Flash drives have had a long-lasting relationship with Linux distributions. These portable storage devices are among the most reliable for out of the box hardware support on the Linux desktop. Clearly, using flash drives to run Linux has its benefits for various types of users.
As luck would have it, I was told of a company that is apparently running individual installations of Linux on flash drives for each of their employees. Apparently cost was a major motivation, but so was the need to VPN into the office from home without needing to configure a separate piece of software for each person.
It seems there's something inherently valuable about being able to take your "computing profile" with you, even when you're away from work.
Taking your user profile with you
One of the greatest advantages of using a flash drive to run a Linux distribution is that it's like having a computer that fits into your pocket without relying on your smart phone as an alternative. This means that you have everything you need right there on the flash drive itself.
Completely independent of any one single workstation or using a thin client box at work, the end-user is free to hop from computer to computer as they see fit. Any needed network settings, secure access to company servers, etc, is made possible due to the network settings stored on the flash drive. So there's no need to worry about consistent settings being mismanaged as one person logs off and another logs on. Differing user permissions travel with each user.
Another advantage that potentially goes beyond what thin client hardware will offer is how easy it is to take your "computer" home with you. Just plugin the pre-configured flash drive into your computer at home, satisfy the necessary login to the company VPN and get to work.
Best of all, critical data that isn't allowed to be accessed from outside of the workplace can be restricted via network policies. So there's less of a security hassle by using a flash drive over a company laptop.
For less security-conscious situations, one could VPN into their workplace and then send whatever they're working on directly to their email account. This would allow the end-user to work on the document in question, locally. Which means if the network suddenly died, no harm is done.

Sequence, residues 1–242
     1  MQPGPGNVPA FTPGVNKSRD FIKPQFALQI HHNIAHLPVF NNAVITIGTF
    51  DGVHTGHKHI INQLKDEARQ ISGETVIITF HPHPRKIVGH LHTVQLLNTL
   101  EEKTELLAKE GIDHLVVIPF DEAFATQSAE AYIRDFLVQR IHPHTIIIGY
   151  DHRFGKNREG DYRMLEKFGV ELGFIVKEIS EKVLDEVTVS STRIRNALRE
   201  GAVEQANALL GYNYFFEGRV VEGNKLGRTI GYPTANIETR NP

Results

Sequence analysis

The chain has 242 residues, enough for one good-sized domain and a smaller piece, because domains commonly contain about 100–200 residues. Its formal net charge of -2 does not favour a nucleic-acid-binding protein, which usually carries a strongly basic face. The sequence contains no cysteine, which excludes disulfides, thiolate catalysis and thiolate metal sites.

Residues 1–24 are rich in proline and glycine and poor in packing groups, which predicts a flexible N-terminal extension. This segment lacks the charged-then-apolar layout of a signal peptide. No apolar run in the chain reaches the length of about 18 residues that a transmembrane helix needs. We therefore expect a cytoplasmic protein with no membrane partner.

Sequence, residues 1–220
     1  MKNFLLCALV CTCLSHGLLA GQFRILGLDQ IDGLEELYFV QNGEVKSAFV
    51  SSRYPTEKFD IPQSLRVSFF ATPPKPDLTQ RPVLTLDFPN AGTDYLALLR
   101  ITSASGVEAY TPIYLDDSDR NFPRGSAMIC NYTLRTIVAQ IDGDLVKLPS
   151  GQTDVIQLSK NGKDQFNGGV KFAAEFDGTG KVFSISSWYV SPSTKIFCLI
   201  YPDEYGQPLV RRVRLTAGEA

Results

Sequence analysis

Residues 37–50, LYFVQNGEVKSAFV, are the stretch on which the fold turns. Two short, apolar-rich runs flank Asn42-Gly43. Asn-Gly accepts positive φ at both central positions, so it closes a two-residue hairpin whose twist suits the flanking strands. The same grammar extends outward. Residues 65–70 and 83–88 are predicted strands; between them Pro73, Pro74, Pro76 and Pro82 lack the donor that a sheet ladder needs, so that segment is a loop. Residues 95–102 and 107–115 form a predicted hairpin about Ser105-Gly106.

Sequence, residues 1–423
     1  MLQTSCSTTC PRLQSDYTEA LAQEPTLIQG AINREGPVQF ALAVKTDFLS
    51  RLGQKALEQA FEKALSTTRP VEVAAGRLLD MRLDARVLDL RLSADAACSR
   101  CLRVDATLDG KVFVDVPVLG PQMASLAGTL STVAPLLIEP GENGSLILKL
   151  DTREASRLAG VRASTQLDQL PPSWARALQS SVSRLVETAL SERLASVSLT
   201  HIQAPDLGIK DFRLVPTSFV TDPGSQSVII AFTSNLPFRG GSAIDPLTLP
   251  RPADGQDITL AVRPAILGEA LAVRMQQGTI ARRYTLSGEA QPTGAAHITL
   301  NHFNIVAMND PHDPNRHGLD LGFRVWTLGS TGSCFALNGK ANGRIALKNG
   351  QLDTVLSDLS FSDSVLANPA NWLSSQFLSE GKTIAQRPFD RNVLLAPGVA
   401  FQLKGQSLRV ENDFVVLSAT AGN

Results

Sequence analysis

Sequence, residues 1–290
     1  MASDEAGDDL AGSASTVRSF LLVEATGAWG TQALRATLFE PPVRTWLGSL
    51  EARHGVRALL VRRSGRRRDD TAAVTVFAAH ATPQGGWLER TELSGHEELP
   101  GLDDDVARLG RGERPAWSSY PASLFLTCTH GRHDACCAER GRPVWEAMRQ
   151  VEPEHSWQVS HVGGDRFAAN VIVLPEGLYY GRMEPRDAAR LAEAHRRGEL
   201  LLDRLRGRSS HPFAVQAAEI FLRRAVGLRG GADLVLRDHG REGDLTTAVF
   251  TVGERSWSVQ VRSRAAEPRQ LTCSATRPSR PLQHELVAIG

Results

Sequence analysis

Best of all, you get to choose which computer you use, rather than working from a clunky company-assigned unit.
Because everything that is needed for company work is handled by the flash drive, this allows the end-user to have the freedom to run the computer of their choosing. An even better option would be a company payed "hardware allowance" to apply toward a notebook purchase. This would go a long way towards ensuring that the laptop being used is one that is best suited for the user in question.
A company compatible flash drive policy allows the typical employee freedom from being shackled to specific company hardware. It's a really helpful approach to handling the annoyance that happens when things get lost, as well.
One other item to consider is the benefits of keeping things green. Instead of dropping money for new hardware, a company using flash drives would be able to use existing workstations even longer. This means company revenue stays with the company, instead of being shelled out for redundant workstations through the office.
Lost flash drives with security in place
While I can't speak for every workplace out there, I've found that, yes, it's generally frowned upon to lose a company-issued notebook. Even though you may have had a password protecting your data on the operating system, chances are pretty good your stored data is still at risk of theft. It doesn't take a genius to remove the hard drive and see what can be recovered from it.
On the flip side, the potential for data loss is brought way down by using a flash drive policy. Obviously, this provides some allowances for the user being bright enough not to leave the drive plugged into the computer when it's not in use. Unfortunately, despite these obvious benefits, this might not be a match for all businesses out there.
Argument against using a flash drive
There will be circumstances where a standard thin client is going to be more functional for a company's needs. Examples might include where company policy dictates that flash drives are banned for security reasons. Another possibility is that a flash drive is used to handle authentication only, so using one as a desktop OS wouldn't fit into a company's needs.
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